Religious broadsides, house blessings (Haus-segen) and purely pictorial works all received the fraktur treatment. As early as 1772, the Ephrata Cloister brother and sister calligraphers were turning out the “Goldene ABC,” an inspirational work. Other communities followed with their own versions. This example is by Schwenkfelder Susanna Heebner. The cloister (and other) presses produced a holy labyrinth (Geistliche Irrgarten) and house blessing, competing with hand-drawn versions of the same subjects.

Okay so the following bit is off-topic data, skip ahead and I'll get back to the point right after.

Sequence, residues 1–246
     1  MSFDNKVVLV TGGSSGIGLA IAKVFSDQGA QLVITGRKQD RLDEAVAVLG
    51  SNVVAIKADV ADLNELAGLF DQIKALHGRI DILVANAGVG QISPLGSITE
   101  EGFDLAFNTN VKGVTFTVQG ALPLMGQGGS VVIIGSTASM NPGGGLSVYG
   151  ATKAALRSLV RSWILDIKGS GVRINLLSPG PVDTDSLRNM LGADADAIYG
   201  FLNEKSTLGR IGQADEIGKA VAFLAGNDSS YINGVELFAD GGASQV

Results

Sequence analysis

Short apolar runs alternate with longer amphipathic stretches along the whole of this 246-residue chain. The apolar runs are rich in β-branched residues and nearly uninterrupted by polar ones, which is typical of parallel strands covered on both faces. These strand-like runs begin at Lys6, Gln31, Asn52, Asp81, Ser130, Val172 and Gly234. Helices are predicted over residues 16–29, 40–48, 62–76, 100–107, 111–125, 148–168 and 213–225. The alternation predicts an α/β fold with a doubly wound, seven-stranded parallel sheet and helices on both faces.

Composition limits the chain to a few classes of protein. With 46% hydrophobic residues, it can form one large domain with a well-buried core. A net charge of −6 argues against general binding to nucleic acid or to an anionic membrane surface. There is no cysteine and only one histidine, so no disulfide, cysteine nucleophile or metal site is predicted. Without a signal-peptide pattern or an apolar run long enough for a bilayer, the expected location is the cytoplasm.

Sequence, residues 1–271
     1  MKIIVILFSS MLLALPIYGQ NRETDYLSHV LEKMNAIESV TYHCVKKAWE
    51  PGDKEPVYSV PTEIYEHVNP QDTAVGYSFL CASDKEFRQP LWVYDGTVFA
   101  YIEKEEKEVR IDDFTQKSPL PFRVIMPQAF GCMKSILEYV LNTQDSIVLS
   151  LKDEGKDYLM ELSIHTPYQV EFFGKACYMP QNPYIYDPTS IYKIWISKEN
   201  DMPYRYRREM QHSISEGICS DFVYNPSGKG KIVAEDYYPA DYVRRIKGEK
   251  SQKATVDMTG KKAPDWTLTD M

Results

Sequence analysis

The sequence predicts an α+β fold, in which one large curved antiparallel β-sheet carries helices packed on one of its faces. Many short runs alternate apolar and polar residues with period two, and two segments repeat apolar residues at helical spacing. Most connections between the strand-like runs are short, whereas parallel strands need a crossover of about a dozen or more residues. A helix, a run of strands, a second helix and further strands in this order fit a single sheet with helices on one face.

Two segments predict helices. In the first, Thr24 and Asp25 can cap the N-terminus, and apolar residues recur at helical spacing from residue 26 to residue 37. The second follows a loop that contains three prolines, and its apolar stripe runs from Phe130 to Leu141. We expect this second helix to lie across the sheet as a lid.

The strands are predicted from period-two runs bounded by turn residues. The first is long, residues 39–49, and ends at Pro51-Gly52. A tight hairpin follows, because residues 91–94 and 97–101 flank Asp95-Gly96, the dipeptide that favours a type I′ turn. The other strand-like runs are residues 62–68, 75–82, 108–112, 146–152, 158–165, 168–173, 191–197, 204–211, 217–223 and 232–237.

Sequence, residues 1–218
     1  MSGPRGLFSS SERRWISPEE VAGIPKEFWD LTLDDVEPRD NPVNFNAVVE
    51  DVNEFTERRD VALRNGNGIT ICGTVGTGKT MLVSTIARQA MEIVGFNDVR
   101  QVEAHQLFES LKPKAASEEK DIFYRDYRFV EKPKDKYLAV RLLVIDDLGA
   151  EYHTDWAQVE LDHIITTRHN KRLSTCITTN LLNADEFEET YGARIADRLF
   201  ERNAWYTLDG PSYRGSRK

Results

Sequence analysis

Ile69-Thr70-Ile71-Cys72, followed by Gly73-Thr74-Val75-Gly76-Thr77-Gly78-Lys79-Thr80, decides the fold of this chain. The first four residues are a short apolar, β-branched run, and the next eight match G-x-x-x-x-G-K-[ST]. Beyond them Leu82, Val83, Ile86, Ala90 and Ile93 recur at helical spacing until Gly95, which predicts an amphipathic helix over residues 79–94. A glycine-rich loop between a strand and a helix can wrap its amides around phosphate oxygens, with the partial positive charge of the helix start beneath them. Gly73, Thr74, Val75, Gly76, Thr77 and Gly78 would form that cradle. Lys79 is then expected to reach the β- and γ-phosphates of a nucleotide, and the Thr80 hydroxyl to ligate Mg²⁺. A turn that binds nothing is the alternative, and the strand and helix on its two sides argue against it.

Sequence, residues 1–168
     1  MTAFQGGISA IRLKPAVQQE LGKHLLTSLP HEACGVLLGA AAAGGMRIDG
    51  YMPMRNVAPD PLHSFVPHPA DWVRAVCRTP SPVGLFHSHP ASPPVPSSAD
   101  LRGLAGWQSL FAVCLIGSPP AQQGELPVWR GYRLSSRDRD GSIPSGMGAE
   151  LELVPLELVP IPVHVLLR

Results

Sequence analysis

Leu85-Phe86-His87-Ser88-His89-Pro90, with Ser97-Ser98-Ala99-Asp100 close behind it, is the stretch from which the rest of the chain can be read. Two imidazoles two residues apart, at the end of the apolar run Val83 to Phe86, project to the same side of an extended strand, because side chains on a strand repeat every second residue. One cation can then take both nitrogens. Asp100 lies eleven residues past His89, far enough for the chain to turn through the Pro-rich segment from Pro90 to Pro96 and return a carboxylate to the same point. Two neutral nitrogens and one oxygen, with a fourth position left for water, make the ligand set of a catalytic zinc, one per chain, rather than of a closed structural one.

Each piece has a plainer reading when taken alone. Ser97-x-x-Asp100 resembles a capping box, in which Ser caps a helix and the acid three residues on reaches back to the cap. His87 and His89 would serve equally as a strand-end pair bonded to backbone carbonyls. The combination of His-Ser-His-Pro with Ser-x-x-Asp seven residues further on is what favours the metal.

Some artists associated with the Pennsylvania German fraktur tradition pushed the boundary between it and the purely pictorial mode. These pieces are larger than presentation fraktur and the subject matter often is outside the typical fraktur tradition. Depiction of animals, still lifes, portraits, history and landscape are common. York, PA native Lewis Miller (1796 – 1866) compiled a chronicle of everyday life that includes over two thousand drawings.
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